Why hire a professional resume writer?Resume 4Hire

A well-written professional Resume and Cover Letter will increase your chances at landing an interview. It’s just as simple as that.

Return on Investment: You are investing in your career. Professionally written job search documents (a.k.a. resume and cover letter) are very important in your search for a new job. So, the ROI is spending some money up front to hire a professional to assist you in representing yourself on paper, which then increases your chances at landing an interview, which, of course, increases your chances at landing that job you want.  If you are not trained to articulate “you” on paper, then you need to hire a professional to help you. My fees are generally lower than my fellow CPRW colleagues, whom I respect greatly, however, as of this writing, I have just decided that in this economic downturn, I will try to keep my fees as affordable as possible until I decide to raise my rates.  

As a practicing Recruiter in this economic downturn, I can tell you that the published statistics are slightly skewed… I’ve heard conflicting statistics on ratios relating to how many applicants there are per job posting…. The media says it’s anywhere from 5 to 26 applicants per job posting…. Let me tell you – the ugly truth these days is that there are from 50 to 300 candidates per job opening.  Yes, I know!! It is overwhelming for recruiters. So, how is a recruiter able to get through a few hundred applicants in a reasonable amount of time to find qualified candidates for the first round of interviews?

My Approach:

For example, I have 200+ resumes received for ONE job. Where do I start? How am I to screen that many resumes? I first discuss the criteria with the employer. What are the minimum requirements and qualifications that a candidate must have in order to be placed in the “possibility” pile? That’s a given. But with so many resumes to sift through, what’s my process as the recruiter?

  1. Did the candidate write a Cover Letter? If not, I will most likely toss the resume – I want to see a letter addressed to the Hiring Manager – I want to know that you’ve taken the time to address the position requirements, as it tells me that you’ve paid attention to my job posting. Tell me what you can do for the company. Additionally, I am assessing your communication skills; how well can you articulate? Are there grammatical errors? If you can articulate well in the cover letter, then I can rest assured that you have some business writing skills and I will take additional time to review your resume.
  2. The resume: Is there an intro at the top that tells me in a couple of sentences who you are, what you do and the highlights of your best skill-sets? Is your career goal clear? How is the formatting? Am I confused? Or is it organized and professionally written so that I don’t have to figure out where you worked, when, and for how long?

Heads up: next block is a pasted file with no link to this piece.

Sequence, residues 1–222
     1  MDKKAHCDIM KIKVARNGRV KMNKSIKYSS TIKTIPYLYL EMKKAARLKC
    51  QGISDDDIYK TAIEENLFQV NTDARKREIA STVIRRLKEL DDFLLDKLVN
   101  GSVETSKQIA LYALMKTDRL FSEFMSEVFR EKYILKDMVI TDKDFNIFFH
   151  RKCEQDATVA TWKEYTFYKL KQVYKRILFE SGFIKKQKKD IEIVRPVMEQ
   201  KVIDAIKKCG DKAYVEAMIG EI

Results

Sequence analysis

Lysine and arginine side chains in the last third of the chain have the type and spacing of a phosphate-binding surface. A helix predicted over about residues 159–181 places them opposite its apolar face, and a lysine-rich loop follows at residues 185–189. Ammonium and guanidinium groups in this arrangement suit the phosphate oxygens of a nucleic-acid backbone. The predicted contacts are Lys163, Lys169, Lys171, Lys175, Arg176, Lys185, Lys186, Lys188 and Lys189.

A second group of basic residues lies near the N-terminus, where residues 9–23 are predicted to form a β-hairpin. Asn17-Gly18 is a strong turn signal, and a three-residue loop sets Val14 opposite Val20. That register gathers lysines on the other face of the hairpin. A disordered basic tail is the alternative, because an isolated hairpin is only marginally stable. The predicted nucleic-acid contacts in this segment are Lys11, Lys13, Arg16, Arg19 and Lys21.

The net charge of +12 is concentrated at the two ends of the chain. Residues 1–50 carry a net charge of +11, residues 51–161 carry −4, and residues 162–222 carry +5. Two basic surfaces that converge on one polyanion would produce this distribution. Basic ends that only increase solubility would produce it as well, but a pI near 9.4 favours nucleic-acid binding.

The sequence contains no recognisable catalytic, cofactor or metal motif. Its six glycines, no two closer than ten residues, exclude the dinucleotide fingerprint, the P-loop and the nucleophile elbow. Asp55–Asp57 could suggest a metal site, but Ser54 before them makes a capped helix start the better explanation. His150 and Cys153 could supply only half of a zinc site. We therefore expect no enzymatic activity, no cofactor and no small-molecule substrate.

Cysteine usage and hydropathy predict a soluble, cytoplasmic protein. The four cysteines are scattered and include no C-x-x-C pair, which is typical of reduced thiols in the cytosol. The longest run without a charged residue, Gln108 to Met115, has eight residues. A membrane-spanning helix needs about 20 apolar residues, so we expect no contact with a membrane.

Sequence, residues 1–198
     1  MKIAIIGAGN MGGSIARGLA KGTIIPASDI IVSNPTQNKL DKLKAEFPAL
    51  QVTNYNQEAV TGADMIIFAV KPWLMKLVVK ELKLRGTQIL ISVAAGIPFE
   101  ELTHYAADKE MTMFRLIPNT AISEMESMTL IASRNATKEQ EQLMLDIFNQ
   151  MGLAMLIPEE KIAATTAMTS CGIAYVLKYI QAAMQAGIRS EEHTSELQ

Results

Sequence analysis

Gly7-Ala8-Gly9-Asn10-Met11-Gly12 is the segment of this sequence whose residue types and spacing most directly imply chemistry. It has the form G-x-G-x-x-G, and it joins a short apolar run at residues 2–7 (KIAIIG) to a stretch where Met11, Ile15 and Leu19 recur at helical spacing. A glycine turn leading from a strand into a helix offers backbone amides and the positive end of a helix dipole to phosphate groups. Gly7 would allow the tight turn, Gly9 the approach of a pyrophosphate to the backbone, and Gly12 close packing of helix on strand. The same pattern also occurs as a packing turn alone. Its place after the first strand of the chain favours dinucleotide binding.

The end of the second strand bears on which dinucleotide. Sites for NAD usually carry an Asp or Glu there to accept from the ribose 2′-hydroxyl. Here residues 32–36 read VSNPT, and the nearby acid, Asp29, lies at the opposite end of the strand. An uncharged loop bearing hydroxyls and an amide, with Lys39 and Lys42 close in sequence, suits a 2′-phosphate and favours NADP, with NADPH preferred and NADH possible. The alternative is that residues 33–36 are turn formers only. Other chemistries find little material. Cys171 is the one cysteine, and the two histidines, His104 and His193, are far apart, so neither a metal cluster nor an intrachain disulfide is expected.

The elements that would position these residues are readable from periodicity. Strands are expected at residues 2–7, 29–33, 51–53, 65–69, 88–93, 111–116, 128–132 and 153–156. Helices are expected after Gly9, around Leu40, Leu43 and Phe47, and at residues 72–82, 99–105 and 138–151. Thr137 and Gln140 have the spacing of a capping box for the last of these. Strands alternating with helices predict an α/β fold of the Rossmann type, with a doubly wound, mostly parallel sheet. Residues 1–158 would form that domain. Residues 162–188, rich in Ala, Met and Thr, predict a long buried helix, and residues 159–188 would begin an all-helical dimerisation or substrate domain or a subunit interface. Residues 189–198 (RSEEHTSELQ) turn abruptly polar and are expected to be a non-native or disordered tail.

3. Are there accomplishments/achievements/results included in your professional experience section? Are there key words from my job posting throughout the resume?
  4. Did you explain gaps in employment that are longer than 6 months?
  5. Do you have a LinkedIn profile? How serious are you about your job search? Who are you networking with? What groups do you belong to? Is your profile “keyword” rich? Do your profile and goals match the tone on your resume? For candidates in my interview pile, I want all the information I can gather before we speak. HR folks will try to find your LinkedIn profile. If you don’t have one, you’re outdated… Really, it is very important to have an online presence with LinkedIn. LinkedIn is crucial!

I’m providing you with an explanation about my personal experiences as a Recruiter - imagine the time that it takes to review 200 resumes per job posting; I have to be quick and thorough! I will spend the time to read the Cover Letter and if you don’t pass that test, I’ll barely spend a few seconds on your resume, but I’ll check to see if it is consistent with your writing style. If the Cover Letter is well organized and you can articulate well, then I’ll spend another 30 seconds to skim through the resume. The point is, if you don’t have a professionally written Cover Letter and Resume, it can limit your options. The first few things I look at before deciding to spend more time reviewing the detail on a resume are 1) Format/Organization 2) Intro/Skills/Accomplishments and 3) How well you can articulate.

Resume Writing is a technique – an art form. You may be able to articulate well in a conversation – in an interview – but before you get the opportunity to “speak” to the Recruiter, you need to grab his/her attention from your Cover Letter and Resume. So, if you need assistance because you are not a trained writer, then hire a professional. These two documents are your first impression and your introduction as a qualified candidate. Don’t get “skipped” just because you aren’t well-equipped to portray yourself on paper adequately. Hire a professional to assist you!

My approach towards resume writing and cover letter preparation is unique because I have 7+ years experience as a Human Resources Professional and have extensive experience in the Recruiting process, including reviewing resumes of potential candidates, processing resumes for possible selection and providing recommendations to hiring managers of who to interview. Therefore, I’ve been on the hiring side and know what employers are looking for. I’ve created and re-vamped hundreds of resumes throughout my career. The benefit to you? A much, much stronger job search document designed to pique the interest of the prospective employer. . In addition, I build and/or update LinkedIn profiles so you have a professional “online” presence that is filled with keyword rich search terms so that recruiters can also find YOU!

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